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SUNY Orange Foundation names new executive director
MIDDLETOWN (August 7) - The SUNY Orange Foundation announced that Dawn Ansbro of Goshen, has been named the Foundation’s new Executive Director. Ansbro, who began in her new role on Monday, Aug. 6, brings more than three decades of experience to the position; including extensive work in development, strategic planning, marketing, public relations, community outreach, and fundraising. She succeeds Dr. Russell Hammond, who is retiring on Nov. 30.
Ansbro is a creative and self-motivated executive with a successful track record of building non-profit organizations, establishing and growing innovative programs, and collaborating with the community. Before joining the SUNY Orange Foundation, she was Executive Director of the Orange County Arts Council in Sugar Loaf, N.Y., where she had served since 2011. Ansbro also held development positions with Bon Secours Charity Health System (Suffern, N.Y.) and the Lycian Centre (Sugar Loaf). Ansbro also worked for Call Center Services in Cresskill, N.J., for 12 years, where she rose to the position Director of Client Relationships before leaving in 2002.
“Dawn’s extensive experience as a collaborative and effective leader over a broad range of organizations will make her an invaluable asset to the Foundation,” said Chairman Derrik R. Wynkoop. “I think all stakeholders will benefit from Dawn's background and leadership style. The success she had with the Arts Council over the past seven years was remarkable; she is leaving that organization a tremendous legacy.”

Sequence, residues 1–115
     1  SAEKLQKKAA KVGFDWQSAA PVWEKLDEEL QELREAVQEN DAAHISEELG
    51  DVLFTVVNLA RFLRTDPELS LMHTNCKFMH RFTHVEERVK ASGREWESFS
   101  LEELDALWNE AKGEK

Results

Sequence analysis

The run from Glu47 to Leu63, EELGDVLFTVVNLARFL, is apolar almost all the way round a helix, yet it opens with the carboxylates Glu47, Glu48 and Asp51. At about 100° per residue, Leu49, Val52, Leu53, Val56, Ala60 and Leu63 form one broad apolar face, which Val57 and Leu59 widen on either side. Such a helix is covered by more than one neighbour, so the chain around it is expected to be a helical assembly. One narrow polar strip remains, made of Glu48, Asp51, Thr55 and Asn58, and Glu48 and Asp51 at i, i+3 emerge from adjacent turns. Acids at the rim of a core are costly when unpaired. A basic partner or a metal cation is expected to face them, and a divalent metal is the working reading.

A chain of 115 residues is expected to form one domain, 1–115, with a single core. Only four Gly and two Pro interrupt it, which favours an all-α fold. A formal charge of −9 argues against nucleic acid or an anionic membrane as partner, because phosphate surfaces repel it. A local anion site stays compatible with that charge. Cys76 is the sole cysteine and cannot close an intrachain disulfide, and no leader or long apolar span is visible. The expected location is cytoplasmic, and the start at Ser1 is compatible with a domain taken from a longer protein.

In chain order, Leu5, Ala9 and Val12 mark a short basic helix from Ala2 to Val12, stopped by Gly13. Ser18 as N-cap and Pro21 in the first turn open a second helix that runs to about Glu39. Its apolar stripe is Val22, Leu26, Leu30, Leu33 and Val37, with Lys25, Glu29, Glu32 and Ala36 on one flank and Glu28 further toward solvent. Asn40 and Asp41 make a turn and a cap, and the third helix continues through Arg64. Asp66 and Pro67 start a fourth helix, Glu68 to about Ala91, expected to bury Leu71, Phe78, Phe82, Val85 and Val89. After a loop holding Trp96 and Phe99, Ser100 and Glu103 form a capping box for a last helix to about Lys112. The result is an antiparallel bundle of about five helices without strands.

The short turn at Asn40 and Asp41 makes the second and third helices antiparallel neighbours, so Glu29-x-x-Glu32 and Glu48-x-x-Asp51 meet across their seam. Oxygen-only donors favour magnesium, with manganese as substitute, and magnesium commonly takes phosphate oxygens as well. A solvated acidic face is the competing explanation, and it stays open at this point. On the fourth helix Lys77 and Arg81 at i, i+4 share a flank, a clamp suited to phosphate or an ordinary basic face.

Ansbro holds a Bachelor of Professional Studies Degree in Fashion Merchandising from Marist College and a master’s degree in Organizational Management from the University of Phoenix. In 2013, she received the YWCA and Girl Scouts Heart of the Hudson Woman of Achievement Award. In addition to remaining active with the Arts Council; Ansbro is affiliated with Leadership Orange, The Orange County Citizens Foundation, and is an Advisory Board Member of the Orange-Ulster BOCES Career and Technical Education Center in Goshen.
Hammond will stay on during the transition in a consultative capacity until Dec. 1.
The SUNY Orange Foundation, founded in 1987, has a primary mission to generate funds and build resources to enhance learning and engagement opportunities for students, alumni, and the community. www.sunyofoundation.org/
Three RCC faculty/staff members earn SUNY Chancellor’s Award for Excellence
RAMAPO (August 5) – A trio of Rockland Community College faculty and staff members has been selected to receive the 2018 SUNY Chancellor’s Award for Excellence. Josephine Coleman, Associate Professor of Business, earned the award for faculty service; Michael Albin, Coordinator of Academic Advisement, for professional service; and Edwin Gonzalez, Senior Account Clerk/Typist in the Bursar’s Office, for classified service. The award recognizes consistently superior professional achievement in the State University of New York, the country’s largest comprehensive system of higher education with 64 campuses.